I had insomnia for years. The lack of sleep affected me tremendously although I would never have admitted it then. Sleep was not a priority. I didn’t think I needed it. I actually believed it was a waste of time. Maybe I didn’t need as much sleep when I was younger. But I’d be miserable if I wasn’t getting enough sleep these days. I’ve come to realize that getting enough sleep is just as important as eating the right food. So I make sure I get enough of it. And on those occasions when I don’t get enough sleep, I definitely feel it – physically, mentally, and emotionally.
Sleep affects our mood, memory, and ability to process information. And depriving ourselves of sleep can have serious health consequences. Not to mention, you feel like crap during the day. On average, somewhere between 6 and 9 hours a night will make you both happier and healthier. So try it. Embrace the luxury of getting into bed a little earlier. Turn off the smartphone, TV and whatever else might distract you from a good night’s rest. Because life is better when you’re well-rested.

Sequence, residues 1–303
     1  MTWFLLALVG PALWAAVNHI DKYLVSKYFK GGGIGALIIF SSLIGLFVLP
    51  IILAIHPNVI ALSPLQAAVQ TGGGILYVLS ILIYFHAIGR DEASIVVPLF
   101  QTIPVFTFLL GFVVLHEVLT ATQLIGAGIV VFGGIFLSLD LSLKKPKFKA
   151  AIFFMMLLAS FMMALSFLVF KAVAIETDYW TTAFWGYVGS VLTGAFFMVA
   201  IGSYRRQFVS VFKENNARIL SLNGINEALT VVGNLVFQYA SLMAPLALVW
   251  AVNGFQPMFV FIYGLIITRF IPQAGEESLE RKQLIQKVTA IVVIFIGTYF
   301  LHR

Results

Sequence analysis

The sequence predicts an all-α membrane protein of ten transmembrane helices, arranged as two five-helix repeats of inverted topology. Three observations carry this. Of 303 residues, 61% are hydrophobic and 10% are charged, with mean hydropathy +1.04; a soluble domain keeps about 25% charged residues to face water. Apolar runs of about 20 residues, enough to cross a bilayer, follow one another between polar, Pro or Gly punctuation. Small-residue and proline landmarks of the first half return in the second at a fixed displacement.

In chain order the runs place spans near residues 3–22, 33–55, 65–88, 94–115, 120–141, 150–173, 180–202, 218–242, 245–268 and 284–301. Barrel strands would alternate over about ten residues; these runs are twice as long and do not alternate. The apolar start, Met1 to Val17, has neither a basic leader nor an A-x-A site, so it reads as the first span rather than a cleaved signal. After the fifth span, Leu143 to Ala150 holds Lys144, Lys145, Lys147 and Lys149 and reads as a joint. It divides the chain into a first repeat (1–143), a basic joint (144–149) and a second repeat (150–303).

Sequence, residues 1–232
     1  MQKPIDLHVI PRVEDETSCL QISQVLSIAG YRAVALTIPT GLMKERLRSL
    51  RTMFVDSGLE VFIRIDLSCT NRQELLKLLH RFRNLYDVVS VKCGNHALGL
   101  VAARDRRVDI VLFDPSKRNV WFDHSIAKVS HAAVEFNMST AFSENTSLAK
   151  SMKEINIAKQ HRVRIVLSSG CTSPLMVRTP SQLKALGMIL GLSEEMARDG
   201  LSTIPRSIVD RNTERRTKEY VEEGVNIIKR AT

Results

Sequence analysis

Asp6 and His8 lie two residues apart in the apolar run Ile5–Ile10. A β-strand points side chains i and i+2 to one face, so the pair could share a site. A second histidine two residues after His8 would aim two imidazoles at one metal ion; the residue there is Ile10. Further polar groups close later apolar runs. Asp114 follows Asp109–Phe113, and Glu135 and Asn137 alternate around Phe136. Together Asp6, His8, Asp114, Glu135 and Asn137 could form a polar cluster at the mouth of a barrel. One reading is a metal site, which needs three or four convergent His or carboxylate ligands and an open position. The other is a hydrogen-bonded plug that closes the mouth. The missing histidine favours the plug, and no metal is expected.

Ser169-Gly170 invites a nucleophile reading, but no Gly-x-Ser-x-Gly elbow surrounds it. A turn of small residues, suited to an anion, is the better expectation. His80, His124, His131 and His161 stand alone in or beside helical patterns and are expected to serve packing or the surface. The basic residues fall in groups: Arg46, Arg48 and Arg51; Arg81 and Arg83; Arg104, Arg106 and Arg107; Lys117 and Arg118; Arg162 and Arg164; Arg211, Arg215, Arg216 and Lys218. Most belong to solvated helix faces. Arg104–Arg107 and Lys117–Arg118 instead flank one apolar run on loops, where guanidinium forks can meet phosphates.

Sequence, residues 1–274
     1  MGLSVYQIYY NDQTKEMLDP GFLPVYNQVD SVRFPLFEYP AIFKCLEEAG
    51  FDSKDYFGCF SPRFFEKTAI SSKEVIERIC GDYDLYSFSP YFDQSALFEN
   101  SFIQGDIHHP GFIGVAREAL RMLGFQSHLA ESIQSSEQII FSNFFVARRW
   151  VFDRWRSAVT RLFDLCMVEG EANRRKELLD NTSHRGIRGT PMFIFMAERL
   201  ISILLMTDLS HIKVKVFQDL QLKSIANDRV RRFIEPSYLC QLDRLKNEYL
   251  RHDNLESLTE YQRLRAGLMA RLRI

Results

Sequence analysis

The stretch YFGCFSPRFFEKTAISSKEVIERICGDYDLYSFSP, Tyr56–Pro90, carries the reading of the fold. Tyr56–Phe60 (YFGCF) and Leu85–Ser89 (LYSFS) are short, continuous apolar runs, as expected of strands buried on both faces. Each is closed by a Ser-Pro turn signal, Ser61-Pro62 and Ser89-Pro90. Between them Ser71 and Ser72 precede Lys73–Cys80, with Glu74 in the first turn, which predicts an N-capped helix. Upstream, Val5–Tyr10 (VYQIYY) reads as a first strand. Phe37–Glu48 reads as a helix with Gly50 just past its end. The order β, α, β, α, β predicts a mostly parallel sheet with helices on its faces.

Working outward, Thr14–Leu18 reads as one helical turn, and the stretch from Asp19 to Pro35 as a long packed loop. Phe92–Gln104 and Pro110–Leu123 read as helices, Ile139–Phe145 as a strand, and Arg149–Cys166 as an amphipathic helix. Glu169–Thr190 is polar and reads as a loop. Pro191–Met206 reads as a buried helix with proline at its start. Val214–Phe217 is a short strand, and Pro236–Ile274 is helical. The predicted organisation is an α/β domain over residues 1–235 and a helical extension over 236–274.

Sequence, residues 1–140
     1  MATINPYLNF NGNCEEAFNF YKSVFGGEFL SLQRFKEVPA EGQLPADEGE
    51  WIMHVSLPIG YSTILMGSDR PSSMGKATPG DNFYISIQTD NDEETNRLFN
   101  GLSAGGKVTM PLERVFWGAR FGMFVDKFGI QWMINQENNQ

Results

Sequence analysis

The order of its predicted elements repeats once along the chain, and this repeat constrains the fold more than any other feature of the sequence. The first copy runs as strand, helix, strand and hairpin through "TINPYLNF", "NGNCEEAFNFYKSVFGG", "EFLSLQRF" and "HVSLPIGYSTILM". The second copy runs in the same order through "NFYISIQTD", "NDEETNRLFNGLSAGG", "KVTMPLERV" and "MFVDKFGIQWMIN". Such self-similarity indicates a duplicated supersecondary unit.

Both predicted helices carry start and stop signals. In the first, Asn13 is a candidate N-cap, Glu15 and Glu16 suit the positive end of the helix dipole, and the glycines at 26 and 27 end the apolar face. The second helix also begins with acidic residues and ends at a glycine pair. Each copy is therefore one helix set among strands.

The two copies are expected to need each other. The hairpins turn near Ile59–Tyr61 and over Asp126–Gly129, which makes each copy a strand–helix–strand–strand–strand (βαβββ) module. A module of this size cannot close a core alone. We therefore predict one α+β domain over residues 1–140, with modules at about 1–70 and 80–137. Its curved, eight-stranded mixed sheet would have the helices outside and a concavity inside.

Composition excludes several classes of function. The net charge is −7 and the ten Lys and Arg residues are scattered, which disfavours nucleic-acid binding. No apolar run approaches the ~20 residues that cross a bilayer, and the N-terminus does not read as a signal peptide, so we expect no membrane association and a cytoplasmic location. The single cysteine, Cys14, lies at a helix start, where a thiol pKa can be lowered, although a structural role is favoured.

15. Nurture your relationships
Good relationships, I would tend to guess, consist of happy people. Happy people, I would also imagine, have good relationships. I’m not talking about the guy or gal who has 5000 friends on Facebook. I’m talking about people who have close, meaningful relationships with people who know them well, and deeply care for and understand them. Nurturing our relationships takes effort, persistence, acceptance and respect. And it’s not always so easy. Show affection. Say thank you. Be kind. Listen. Your partner, close friends and family should never be taken for granted. The people closest to you will enable your happiness and, in turn, you will enable theirs.